Tags: police shooting | minnesota | kim potter | daunte wright

Ex-Minnesota Cop Appears in Court in Shooting of Black Motorist

kim potter mugshot
In this handout provided by the Hennepin County Sheriff's Office, former Brooklyn Center Police Officer Kim Potter poses for a mugshot at the Hennepin County Jail on April 14, 2021 in Minneapolis, Minnesota. (Hennepin County Sheriff's Office via Getty Images)

Thursday, 15 April 2021 02:36 PM

The former Minnesota police officer charged with manslaughter in the fatal shooting of a 20-year-old Black man during a traffic stop made her first court appearance on Thursday as the family called for "full accountability" for his death.

Prosecutors will try to show that Kim Potter, 48, was "culpably negligent" and took an "unreasonable risk" in shooting Daunte Wright after pulling him over for expired license plates in the Minneapolis suburb of Brooklyn Center on Sunday.

If convicted of the charge of second-degree manslaughter, Potter, who is white, faces a maximum sentence of 10 years in prison and a $20,000 fine.

"The last few days, everybody has asked me what do we want to see happen," Wright's mother Katie told a briefing at the Minneapolis church where her son's funeral will be held next Thursday. "I do want accountability, 100% accountability ... But even when that happens, if that happens, we're still going to bury our son."

Potter, who resigned on Tuesday after 26 years on the force, appeared in a Hennepin County courtroom around 1:30 p.m. CST Thursday.

Potter was taken into custody by agents of the Minnesota Bureau of Criminal Apprehension on Wednesday. She was released hours later after posting $100,000 bond.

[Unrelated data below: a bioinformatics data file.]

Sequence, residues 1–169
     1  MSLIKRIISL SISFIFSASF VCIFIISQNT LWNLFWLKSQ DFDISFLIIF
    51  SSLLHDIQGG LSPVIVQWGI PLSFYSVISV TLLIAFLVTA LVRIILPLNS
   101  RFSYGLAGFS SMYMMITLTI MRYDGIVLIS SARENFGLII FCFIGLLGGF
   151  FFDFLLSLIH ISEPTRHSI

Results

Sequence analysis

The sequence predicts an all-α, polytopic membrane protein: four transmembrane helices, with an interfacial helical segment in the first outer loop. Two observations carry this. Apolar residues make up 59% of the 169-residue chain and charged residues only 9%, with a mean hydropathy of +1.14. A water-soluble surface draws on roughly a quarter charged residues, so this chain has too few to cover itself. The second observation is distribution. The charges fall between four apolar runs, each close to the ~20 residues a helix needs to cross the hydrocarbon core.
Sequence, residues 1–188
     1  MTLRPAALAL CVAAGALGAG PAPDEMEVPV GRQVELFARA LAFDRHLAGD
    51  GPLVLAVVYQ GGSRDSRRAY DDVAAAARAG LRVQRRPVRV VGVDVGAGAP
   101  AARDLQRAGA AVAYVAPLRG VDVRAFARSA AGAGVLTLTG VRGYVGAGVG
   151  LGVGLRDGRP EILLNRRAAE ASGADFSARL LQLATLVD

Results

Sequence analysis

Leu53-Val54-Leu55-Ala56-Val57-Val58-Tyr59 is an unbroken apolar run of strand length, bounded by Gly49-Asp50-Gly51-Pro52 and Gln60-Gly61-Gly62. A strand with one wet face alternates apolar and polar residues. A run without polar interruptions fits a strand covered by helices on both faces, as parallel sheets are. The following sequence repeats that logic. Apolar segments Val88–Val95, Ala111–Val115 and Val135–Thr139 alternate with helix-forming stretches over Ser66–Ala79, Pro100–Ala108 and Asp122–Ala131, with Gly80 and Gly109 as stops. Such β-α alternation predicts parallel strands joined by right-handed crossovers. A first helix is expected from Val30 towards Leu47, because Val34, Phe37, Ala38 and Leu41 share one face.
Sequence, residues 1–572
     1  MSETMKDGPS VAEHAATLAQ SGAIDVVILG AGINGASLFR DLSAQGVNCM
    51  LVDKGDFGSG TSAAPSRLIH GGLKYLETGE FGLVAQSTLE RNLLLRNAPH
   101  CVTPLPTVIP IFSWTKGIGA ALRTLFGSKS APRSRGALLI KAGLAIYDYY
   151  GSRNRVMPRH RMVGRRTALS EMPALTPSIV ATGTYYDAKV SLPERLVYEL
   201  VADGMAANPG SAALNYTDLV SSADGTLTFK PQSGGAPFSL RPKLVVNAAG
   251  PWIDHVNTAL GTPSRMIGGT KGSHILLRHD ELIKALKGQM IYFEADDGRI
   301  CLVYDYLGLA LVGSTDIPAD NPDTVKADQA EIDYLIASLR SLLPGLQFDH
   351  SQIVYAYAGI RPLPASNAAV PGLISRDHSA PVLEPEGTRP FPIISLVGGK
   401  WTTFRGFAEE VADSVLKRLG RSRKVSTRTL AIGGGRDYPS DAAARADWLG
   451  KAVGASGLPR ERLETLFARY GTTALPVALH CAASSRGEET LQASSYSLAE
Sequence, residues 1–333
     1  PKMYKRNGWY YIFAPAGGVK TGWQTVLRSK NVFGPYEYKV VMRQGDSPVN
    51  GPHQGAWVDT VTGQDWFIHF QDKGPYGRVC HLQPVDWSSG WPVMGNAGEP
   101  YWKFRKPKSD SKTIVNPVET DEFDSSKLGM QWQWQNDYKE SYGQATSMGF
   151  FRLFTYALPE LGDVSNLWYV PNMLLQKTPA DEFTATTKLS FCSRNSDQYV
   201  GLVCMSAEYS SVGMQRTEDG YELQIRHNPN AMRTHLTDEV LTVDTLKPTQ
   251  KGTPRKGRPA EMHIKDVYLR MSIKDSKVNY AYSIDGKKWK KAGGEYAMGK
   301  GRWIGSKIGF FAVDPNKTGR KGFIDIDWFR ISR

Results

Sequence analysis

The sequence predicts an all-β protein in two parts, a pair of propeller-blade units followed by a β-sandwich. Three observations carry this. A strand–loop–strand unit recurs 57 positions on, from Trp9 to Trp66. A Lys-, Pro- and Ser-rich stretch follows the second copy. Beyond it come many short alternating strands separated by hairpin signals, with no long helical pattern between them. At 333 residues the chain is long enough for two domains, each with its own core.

Police video of the shooting shows Potter threatening to stun Wright with her Taser before firing her handgun. Former Police Chief Tim Gannon, who also resigned on Tuesday, said she mistakenly used her service weapon instead of her Taser.

In the video, Potter can be heard shouting: "Taser, Taser, Taser!" as she draws her weapon and opens fire on Wright in his car after he had just pulled away from a fellow officer.

She is then is heard saying: "Holy shit, I just shot him."

Benjamin Crump, lawyer for the Wright family, said the shooting reflected a broader problem of law enforcement in the United States using excessive force and having a propensity to "overpolice marginalized minorities, especially Black Men."

But Crump said the move to charge Potter also represented some progress following the lack of prosecutions of officers involved in the deaths of Black men such as Eric Garner and Michael Brown in recent years.

"All this family is striving for is to get full accountability, get equal justice. Nothing more and nothing less," Crump told a briefing at the New Salem Missionary Baptist Church.

The shooting escalated tensions in a region already on edge over the ongoing murder trial of white former Minneapolis police officer Derek Chauvin, in the May 2020 death of George Floyd, a 46-year-old Black man.

Hundreds of protesters massed outside Brooklyn Center police headquarters for a fourth night on Wednesday. About two dozen people were arrested on charges including curfew violations. The protests were smaller and more peaceful than on Tuesday night, when 72 people were arrested, police said. (Reporting by Nathan Layne in Wilton, Connecticut, and Maria Caspani in New York; Editing by Jonathan Oatis and Daniel Wallis)

© 2021 Thomson/Reuters. All rights reserved.

A white former police officer faces her first court appearance Thursday in the traffic-stop shooting of a Black motorist that has engulfed a small Minneapolis suburb with four straight days of bitter conflict between protesters and police...
police shooting, minnesota, kim potter, daunte wright
Thursday, 15 April 2021 02:36 PM
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